San Francisco 49ers

Ron Agostini on 49ers: Kaepernick will miss the coach who always had his back

San Francisco 49ers head coach Jim Harbaugh, left, stands next to quarterback Colin Kaepernick (7) against the Arizona Cardinals during the fourth quarter of an NFL football game in Santa Clara, Calif., Sunday, Dec. 28, 2014.
San Francisco 49ers head coach Jim Harbaugh, left, stands next to quarterback Colin Kaepernick (7) against the Arizona Cardinals during the fourth quarter of an NFL football game in Santa Clara, Calif., Sunday, Dec. 28, 2014. AP

SANTA CLARA – No one will miss Jim Harbaugh more than Colin Kaepernick.

Frank Gore might place a respectable second, but Kaepernick never will enjoy a better coach-to-quarterback relationship.

Harbaugh, he of the “mutual parting” Sunday from the 49ers, caught Kaepernick’s pregame warmup passes, pounded on his man’s shoulder pads and praised him as “great with a capital G” when such fluff was unwarranted. If he ever criticized the man from Turlock, it’s not been recorded.

“Coach Harbaugh’s the coach that drafted me. He’s the coach that chose to start me,” Kaepernick said. “He’s the coach that stood behind me through everything.”

Talk about “mutual decision”: Harbaugh and Kaepernick were virtually attached at the hip. Harbaugh traveled to Nevada and personally worked out the prospect, then sweet-talked the front office into drafting him in the second round.

Harbaugh promoted Kaepernick over the injured Alex Smith during the 2012 season. Simply, the coach pushed his chips to the middle of the table for the uber-athlete from Pitman High. For better or worse, Kaepernick was Harbaugh’s man.

For his part, Kaepernick came within one completed pass of winning a Super Bowl for the black-shirt-and-khakis leader who bet on him. Whether or not the QB was ready for that moment in New Orleans, he’ll be forever appreciative of the chance Harbaugh gave him. Kaepernick delivered four playoff victories and 29 of Harbaugh’s 49 overall wins which, by the way, is one perfect stat.

I suspect they’ll be friends for life.

See, Harbaugh, a former quarterback himself, understood what worked for him. He loved Bo Schembechler, his coach at Michigan, no doubt his next address. Both believed in the importance of a tight end, a fullback and a happy quarterback.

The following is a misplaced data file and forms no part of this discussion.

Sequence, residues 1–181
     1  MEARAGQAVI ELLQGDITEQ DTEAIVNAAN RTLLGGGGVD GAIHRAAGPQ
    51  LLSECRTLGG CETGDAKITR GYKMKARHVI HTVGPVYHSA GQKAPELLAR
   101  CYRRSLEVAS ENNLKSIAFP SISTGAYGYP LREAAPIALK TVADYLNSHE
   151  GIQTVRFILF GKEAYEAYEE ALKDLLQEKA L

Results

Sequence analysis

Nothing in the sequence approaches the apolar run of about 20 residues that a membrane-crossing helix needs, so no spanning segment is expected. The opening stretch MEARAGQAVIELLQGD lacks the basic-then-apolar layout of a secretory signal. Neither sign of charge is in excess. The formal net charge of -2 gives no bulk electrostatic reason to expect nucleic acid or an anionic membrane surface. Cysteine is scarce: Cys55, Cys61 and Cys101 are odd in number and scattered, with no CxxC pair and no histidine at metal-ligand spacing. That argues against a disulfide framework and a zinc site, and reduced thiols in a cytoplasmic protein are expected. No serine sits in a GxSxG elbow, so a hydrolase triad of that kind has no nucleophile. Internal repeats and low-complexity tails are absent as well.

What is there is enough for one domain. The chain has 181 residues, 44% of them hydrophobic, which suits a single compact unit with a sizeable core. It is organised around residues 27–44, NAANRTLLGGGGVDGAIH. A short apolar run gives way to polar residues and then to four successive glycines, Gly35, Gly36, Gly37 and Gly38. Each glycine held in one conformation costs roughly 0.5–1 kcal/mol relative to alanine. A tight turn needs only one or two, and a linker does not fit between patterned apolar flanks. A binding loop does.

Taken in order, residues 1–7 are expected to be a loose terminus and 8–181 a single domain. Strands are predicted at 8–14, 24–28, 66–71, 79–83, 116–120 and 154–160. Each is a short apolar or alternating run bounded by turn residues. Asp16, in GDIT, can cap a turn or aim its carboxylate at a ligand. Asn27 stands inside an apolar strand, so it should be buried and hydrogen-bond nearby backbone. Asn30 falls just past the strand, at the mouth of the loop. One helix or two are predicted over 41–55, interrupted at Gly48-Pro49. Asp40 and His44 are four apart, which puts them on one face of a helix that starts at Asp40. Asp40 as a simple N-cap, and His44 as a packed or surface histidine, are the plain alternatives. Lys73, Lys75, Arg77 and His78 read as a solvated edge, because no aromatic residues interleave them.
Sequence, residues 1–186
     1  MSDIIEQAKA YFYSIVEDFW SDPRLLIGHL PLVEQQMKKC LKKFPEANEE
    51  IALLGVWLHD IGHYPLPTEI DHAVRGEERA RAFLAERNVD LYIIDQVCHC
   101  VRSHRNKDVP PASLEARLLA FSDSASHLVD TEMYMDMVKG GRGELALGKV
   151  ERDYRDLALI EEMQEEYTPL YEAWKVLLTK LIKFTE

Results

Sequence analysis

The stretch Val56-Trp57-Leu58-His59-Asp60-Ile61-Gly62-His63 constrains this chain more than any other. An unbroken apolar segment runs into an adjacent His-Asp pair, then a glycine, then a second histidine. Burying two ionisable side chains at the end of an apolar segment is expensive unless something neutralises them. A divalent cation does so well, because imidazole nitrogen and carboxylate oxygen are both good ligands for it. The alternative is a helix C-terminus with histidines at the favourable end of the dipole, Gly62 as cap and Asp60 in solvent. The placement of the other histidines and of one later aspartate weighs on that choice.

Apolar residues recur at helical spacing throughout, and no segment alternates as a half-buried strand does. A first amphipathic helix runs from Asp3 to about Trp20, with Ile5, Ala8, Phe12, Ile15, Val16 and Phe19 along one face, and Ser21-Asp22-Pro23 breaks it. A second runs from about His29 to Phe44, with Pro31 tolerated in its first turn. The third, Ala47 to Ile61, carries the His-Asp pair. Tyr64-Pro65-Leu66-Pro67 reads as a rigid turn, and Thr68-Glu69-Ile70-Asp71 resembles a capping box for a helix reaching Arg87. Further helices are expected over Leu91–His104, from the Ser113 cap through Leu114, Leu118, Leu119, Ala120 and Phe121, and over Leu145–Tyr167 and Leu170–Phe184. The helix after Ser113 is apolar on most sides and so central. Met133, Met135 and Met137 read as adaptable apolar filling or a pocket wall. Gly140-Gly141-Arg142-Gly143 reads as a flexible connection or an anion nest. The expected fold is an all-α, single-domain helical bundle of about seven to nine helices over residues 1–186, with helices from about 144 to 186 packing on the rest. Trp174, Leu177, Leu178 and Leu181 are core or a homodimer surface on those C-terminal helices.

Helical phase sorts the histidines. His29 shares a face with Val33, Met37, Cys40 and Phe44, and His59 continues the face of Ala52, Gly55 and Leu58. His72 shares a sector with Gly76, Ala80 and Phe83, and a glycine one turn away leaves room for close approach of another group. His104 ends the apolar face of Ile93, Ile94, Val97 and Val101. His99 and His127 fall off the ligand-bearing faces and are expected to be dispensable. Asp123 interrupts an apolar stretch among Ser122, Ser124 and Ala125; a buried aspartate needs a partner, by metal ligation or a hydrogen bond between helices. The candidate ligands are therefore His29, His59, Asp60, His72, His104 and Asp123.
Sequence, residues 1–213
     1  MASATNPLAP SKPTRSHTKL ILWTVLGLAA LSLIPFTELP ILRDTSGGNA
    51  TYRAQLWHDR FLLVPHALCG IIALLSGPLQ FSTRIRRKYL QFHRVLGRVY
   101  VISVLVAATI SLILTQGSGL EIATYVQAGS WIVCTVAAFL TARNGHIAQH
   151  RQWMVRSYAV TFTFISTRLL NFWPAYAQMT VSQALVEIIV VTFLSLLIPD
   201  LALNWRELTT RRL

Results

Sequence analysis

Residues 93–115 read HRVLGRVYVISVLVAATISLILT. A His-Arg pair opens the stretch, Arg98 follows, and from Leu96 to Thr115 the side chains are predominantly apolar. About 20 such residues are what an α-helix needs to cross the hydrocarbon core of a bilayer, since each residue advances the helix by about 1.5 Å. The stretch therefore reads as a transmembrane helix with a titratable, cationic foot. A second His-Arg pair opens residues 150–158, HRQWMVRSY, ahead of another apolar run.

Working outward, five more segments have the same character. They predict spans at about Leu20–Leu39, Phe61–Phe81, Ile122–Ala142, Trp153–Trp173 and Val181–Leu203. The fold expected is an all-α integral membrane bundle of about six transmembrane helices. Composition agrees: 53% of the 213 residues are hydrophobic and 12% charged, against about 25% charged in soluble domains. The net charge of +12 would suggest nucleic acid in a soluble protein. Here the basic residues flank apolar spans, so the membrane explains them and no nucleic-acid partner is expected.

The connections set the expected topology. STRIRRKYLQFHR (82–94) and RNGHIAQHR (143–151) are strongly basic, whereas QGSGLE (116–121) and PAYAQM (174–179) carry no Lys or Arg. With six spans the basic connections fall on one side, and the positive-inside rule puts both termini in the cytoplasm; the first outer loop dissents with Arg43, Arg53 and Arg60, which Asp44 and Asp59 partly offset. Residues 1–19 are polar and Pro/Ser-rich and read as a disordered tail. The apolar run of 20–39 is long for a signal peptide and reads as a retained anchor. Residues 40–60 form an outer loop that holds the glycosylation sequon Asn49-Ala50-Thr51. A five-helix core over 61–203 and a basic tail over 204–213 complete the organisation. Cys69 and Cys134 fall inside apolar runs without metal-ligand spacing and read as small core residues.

As Kaepernick, Gore and the 49ers reached the never-never land of 8-8 with a 20-17 win over the Arizona Cardinals, I pondered Kaepernick’s football world after Sunday. I suspect it will change a lot.

Everything – his progress, mood and M.O. on the field – will be affected by Harbaugh’s successor. Can Kaepernick lean on his next boss like he trusted Harbaugh? Or will the new coach dress him down in public like Mike Nolan did with Smith?

Who’s to say the future coach will hang his future win-loss record on a so-called “running quarterback” who mixes pocket-presence problems with dazzling physical skills?

It’s become trendy to say Kaepernick has regressed through this rocky season, and at least part of that argument is fair. Also true is the fact that everything around him – line, receivers, scheme, etc. – failed. He was sacked 52 times, the most for any NFL quarterback. That the defense downsized to a MASH unit cannot be blamed on the quarterback.

Still, Kaepernick’s six-year, $126 million contract is structured in a way that the 49ers, in any given year, can move on from him. Think about it: Could Kaepernick be leaving through the same door still swinging via Harbaugh’s departure? Two words – Blaine Gabbert – should end such conjecture. But all things are possible in the NFL. Kaepernick may have been auditioning for his next boss against the Cardinals, for all we know.

“(Harbaugh) has been a huge part, but I’m playing football regardless,” Kaepernick said. “I’m the quarterback for the San Francisco 49ers until they tell me something different. So I’m going to keep trucking on.”

That we expected Harbaugh’s farewell doesn’t make it any less of a gaffe. The 49ers just chased a guy who gave them three NFC Championship Games and a Super Bowl in four seasons. Mutual or not, it’s incredibly foolhardy in such a dog-eat-dog league.

Harbaugh may have been a pain to CEO Jed York and General Manager Trent Baalke. I doubt they’ll find a better coach. Perhaps the front office will be more at peace with a yes man who goes 6-10.

As for Kaepernick, he’s considering the hiring of a quarterback guru during the offseason. Tom Brady, among others, have benefited from such a move. If Kaepernick’s flaws were exposed in 2014, his work rate – which is manic – remained the same.

I’m not sure he’ll again have in his corner someone like Harbaugh, who was the first to defend him during that unsavory episode earlier this year in Miami. Harbaugh had Kaepernick’s back on the field, off the field and everywhere in between.

Surely as the 49ers watch the upcoming playoffs on TV, they won’t forget the coach who revived the franchise. Bank on it: Kaepernick will repay Harbaugh down the road. He’ll go anywhere for him.

Well, almost.

“I’ll always be a fan of coach Harbaugh,” Kaepernick said. “Not too sure about (rooting for) Michigan, though.”

Bee staff writer Ron Agostini can be reached at ragostini@modbee.com or (209) 578-2302. Follow him on Twitter @ModBeeSports.

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